Caring for the elderly has been a need since early in time. With more household having two wage earners, elderly care especially by those sandwiched between young and old has become an ever-increasing topic.
- Whose responsible to help?
- Who is responsible to decide if or when outside assistance is needed?
- How are the costs of care provided when funds are exhausted?
- How do we draw qualified people into professions that provide this care?
- How can we slow or stall the need for elder care?
Personally and professionally I don’t know all the questions. Nor can I answer all the questions. I do believe awareness and conversation are important steps in caring for the elderly now and in the future.
A recent New York Times article by Judith Graham shared concerns regarding elder care in a rapidly aging world – specifically the growing ratio of elderly to young. In the article Ms Graham shares some important facts:
Almost 58 million people worldwide will turn 60 this year. By 2050, there will be more old people than children under the age of 15 for the first time in history…People live longer, with more chronic illnesses like high blood pressure or diabetes, in poorer health, requiring more attention from family members and costly medical care.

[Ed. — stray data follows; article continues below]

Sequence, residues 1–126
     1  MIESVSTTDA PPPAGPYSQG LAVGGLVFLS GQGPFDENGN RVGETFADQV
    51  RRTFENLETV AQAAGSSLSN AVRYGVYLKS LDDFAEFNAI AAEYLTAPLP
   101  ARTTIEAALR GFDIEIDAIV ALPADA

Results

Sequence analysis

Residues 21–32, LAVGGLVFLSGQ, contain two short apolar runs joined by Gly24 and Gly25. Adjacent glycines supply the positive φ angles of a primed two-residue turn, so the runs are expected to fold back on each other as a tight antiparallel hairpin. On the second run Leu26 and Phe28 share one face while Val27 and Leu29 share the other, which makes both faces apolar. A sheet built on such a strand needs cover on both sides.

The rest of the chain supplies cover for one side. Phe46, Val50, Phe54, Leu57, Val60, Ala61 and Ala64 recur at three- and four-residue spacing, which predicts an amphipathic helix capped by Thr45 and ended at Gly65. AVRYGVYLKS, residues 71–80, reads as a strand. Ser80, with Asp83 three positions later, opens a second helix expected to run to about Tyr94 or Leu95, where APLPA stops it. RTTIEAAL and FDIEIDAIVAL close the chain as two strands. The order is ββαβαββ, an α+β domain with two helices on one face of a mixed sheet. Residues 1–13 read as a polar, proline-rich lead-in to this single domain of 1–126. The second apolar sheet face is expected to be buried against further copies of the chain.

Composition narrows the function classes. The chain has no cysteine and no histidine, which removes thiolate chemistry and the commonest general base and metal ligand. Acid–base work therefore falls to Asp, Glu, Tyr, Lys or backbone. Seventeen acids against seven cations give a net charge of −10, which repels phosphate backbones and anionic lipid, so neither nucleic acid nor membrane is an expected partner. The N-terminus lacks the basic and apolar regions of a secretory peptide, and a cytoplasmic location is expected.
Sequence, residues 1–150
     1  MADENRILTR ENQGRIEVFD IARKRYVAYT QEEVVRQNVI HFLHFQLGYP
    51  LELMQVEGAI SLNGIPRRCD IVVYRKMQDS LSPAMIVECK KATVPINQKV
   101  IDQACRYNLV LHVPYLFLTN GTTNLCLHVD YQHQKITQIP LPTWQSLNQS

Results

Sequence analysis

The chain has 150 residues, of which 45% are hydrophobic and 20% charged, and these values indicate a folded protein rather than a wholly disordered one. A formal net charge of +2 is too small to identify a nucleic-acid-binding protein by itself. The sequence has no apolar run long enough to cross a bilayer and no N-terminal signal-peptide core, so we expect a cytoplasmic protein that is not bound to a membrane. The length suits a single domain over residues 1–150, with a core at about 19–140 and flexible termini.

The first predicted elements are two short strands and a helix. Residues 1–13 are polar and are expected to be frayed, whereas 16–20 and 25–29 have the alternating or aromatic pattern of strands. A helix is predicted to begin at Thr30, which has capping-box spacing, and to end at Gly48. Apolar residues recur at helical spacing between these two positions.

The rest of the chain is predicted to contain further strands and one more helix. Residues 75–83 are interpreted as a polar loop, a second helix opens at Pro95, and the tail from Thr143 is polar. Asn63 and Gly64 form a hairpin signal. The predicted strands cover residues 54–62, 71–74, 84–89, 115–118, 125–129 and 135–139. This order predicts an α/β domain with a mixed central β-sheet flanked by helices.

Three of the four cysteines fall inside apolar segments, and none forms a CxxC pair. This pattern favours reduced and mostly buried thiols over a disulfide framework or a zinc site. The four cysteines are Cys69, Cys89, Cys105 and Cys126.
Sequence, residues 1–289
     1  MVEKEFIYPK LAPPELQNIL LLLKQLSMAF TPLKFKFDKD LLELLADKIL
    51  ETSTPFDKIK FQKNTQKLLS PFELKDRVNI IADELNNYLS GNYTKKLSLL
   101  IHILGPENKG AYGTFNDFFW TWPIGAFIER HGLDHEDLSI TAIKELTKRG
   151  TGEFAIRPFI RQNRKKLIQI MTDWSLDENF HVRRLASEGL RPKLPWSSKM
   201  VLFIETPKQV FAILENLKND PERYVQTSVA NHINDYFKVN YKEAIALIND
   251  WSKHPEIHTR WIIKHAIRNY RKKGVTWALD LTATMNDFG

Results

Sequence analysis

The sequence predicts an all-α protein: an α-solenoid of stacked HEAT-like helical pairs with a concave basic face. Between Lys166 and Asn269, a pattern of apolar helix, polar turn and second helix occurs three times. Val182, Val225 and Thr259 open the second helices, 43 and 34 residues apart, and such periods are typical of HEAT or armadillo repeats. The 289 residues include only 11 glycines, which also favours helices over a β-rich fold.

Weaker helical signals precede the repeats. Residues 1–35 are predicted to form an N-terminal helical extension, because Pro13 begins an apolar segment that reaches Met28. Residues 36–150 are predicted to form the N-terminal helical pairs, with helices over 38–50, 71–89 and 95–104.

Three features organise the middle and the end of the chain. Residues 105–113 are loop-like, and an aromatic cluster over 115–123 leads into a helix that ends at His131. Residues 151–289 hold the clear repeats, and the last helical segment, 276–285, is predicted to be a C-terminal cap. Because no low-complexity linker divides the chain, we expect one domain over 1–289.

This sounds overwhelming to families, individuals, healthcare providers, insurance companies, and so forth. Ms Graham goes on offering this thought.
The best picture is this: People live longer, in good health, remaining productive, valued members of society who contribute in workplaces, communities and families through their later years, and are treated respectfully and supported economically and socially as they become frail.
In my views, the key is seeing people as “productive, valued members of society.” I apply this not just to the elders but to all ages. When we value the contribution of a person and see what they offer as being productive, we have created that first step towards seeing each other as people. Not statistics, not as a diagnosis, not as something less than human.
For this to happen, we need to be conversation, in relationship with other generations. This is why I offer intergenerational programming. Most of us find it easier to treat other with respect and value when it is what we have experienced and know is possible. By making these offering to the preschoolers and the adults who come with them to these groups, I aim for all to be a valued member of our group.
This is why I share my intergenerational ideas – so others will help grow this awareness and this experience.
One day, I hope to age into being a member of the ranks of the elderly who is productive and valued by society and those around me. For that reason, I will keep asking questions about caring for the elderly. I will keep demonstrating respect and value of my clients no matter their age or ability. I will continue to promote quality intergenerational programs that value what ALL members bring to the group. And I’ll keep the mantra from “Better People” by India Arie as my theme song: